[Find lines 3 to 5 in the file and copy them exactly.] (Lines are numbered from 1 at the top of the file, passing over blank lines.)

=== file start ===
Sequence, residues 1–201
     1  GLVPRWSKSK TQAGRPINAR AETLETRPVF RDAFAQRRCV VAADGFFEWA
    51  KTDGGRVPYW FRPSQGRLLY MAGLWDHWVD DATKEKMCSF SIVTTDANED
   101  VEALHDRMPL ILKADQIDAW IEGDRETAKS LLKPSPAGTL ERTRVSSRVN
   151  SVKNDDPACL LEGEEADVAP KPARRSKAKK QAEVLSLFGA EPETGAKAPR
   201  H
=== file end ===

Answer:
    51  KTDGGRVPYW FRPSQGRLLY MAGLWDHWVD DATKEKMCSF SIVTTDANED
   101  VEALHDRMPL ILKADQIDAW IEGDRETAKS LLKPSPAGTL ERTRVSSRVN
   151  SVKNDDPACL LEGEEADVAP KPARRSKAKK QAEVLSLFGA EPETGAKAPR